Linus Kaechele values the importance of strong relationships

Hang on for a minute...we're trying to find some more stories you might like.


Email This Story






Meredith VanSkiver

More stories from Meredith VanSkiver

A quiet change
November 5, 2019
What’s in a name?
October 29, 2019

Through word of mouth and the ever-growing shadow of pop culture, all signs point to junior year being the most stressful of the four students spend at high school. Although here at FHC, a school notoriously known for pushing its students to bigger and better academic heights, the arduous and exciting Ted Talk project has been pushing for sophomore year to become stressful as well.

Sophomore Linus Kaechele, along with the rest of his classmates in Honors English 10, had to give their own presentation on a topic they were passionate about. Linus pushed the boundaries of passion with a topic that was both personal and powerful.

“It was titled ‘Write Me A Letter,’” Linus said. “I was talking about the importance of handwritten letters and how they’ve kind of become a lost art due to, in my opinion, the impersonal nature of texting and instant messaging these days.”

Linus took this message to heart and did some additional preparation that perfectly suited his topic.

“In preparation for it, I wrote forty letters to anyone who has shown me any kindness,” Linus, who spent around half an hour on each letter, said. “[It was] kind of a way to funnel some of that kindness back to all those people.”

During his talk, Linus covered the steps he took to write each letter as well as the benefits of the person on the receiving end and the benefits for the person actually writing the letter. Throughout this assignment, Linus has reaffirmed his own personal needs to write letters.

“I didn’t write them very often and then I wrote those forty letters,” Linus said. “Now I think it’s just going to keep going.”

Linus first got the idea to write someone a letter when he was featured in Abby Wright’s Countless Days of Thanks post.

“I thought that was so sweet, and I didn’t have a way to publicize my thanks, so I was like, ‘You know, I should write a letter’ because it’s more personal,” Linus said. “She really cared, and she wanted other people to know. So my goal was to take a lot of time and thank her more personally. So I wrote my first letter, and I realized how fun it was to say everything you wanted to say without pressure. And then I just kept doing it.”

While Linus continued to write letters, he also has continued to maintain friendships like his one with Abby. Something that sets his social life apart, however, is his introverted nature towards friendships.

“I guess I’m more introverted,” Linus said. “When I hang out with my friends, I like to hang out with one friend at a time, or I like to just drive or get ice cream with my sister. I don’t really like that pressure of talking to so many people at once.”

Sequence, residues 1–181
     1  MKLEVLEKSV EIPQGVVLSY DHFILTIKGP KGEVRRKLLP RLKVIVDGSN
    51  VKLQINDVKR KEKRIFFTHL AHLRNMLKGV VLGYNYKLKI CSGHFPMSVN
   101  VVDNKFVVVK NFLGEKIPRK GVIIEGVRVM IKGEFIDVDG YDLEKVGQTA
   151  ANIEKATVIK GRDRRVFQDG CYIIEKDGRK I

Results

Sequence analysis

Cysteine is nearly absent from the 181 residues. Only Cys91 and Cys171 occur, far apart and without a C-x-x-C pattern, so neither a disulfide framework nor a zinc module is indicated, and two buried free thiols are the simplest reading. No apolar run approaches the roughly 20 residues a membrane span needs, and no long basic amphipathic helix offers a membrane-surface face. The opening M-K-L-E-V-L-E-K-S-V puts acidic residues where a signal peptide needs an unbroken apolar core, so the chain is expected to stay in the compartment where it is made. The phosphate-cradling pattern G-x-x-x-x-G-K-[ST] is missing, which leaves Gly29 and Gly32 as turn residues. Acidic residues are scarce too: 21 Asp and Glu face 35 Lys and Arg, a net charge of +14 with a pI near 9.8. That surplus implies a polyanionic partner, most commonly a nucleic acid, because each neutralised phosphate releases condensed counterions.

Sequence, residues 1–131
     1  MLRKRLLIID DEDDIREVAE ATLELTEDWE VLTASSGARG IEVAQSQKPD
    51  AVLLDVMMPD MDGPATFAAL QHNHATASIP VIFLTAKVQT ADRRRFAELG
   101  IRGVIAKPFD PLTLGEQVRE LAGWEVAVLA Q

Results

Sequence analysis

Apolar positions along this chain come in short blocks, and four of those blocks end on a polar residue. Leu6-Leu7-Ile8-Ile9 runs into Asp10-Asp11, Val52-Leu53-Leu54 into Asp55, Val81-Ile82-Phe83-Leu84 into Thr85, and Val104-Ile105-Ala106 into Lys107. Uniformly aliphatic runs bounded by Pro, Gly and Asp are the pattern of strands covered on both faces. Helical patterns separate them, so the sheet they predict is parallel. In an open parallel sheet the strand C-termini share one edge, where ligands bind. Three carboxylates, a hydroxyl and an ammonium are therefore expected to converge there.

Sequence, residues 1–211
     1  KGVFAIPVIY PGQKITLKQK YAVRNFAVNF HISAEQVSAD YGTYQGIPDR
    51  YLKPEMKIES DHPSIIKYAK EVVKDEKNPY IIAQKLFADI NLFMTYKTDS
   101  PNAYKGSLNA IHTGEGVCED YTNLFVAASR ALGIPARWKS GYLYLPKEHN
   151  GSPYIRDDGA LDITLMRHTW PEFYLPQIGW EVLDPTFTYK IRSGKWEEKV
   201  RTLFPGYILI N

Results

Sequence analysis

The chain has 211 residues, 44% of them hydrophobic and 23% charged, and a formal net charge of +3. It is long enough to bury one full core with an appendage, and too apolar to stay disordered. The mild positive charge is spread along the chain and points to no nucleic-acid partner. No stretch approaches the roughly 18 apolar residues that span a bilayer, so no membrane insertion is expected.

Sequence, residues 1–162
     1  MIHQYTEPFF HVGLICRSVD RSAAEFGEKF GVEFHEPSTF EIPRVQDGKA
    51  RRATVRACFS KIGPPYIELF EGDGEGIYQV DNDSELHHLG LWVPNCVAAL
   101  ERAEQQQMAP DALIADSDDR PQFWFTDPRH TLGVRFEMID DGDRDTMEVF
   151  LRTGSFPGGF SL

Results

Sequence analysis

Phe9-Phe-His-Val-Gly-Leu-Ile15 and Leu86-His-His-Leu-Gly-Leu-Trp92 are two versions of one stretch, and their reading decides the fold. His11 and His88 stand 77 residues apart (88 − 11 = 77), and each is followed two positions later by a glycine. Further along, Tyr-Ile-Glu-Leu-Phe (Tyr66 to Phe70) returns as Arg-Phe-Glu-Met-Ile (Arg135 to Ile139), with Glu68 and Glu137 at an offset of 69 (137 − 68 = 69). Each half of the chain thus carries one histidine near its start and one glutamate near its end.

Linus backs up his preference for intimate friendships with the classic but well deserved saying, “quality over quantity.”

“I feel like quality over quantity of friends is a big thing for me,” Linus said. “But I don’t think that focusing on quality should prevent you from also improving the quantity. Because once you can connect with one person and realize how important that is and then connect with another person but still focus on keeping the relationships alive, I feel like that’s really important.”

Linus’ deep affinity for quality connections in his life goes hand in hand with his Ted Talk topic. His love for relationships and desire to tell the important people in his life what they mean to him can be summed up in one of his letters.

“That’s kind of what I did with my letters,” Linus said. “I have so many friends, but I haven’t really told them how much I love them and appreciate them. And these letters are just one way for them to look back and be like, “Wow, this person really cares.’ I feel like they care, so I just want to let them know that I care back.”

In addition to trying in terms of having quality friendships, Linus also tries to do well in school. He puts in a high degree of effort into succeeding.

“I’ve never really been able to figure out why I try so hard,” Linus said. “I’ve always been told in kind of a negative way that ‘I’m an overachiever.’ It had always been something that weighed me down. But, I now feel that I want to perform at my best. It’s not in a selfish way, but I don’t feel like I try to get good grades because I feel better about myself, like I don’t think your knowledge is reflected by your grade on Powerschool. But I feel like me trying this hard to get good grades and me building these strong relationships with my teachers will allow me to become smarter and more intelligent and allow me to change the world as I grow up.”

As for what he wants to do when he grows up?

“I’m leaning more towards English and social studies [as a career path],” Linus said. “I know in science you can help people with medicine, but I want to be able to help someone face to face. Someone like a teacher or a lawyer.”

Linus has a particular attachment to the thought of being an English teacher in particular.

“[Becoming] an English teacher is something I’ve always thought would be so awesome,” Linus said. “I haven’t had a bad English teacher yet.”

One of these amazing teachers was his ninth-grade English teacher, Lisa Penninga.

“I was like, ‘Wow, she really cares about building these relationships with her students,'” Linus said. “Now I’m in tenth grade, and I have Mr. George. He just elevated the status of what an English teacher can do.”

No matter if it is in the distant future or in his current life as a high schooler, Linus understands that it is vital to connect with the people he spends his time with.

“I just really think it is important to have a life filled with strong relationships,” Linus said.

Print Friendly, PDF & Email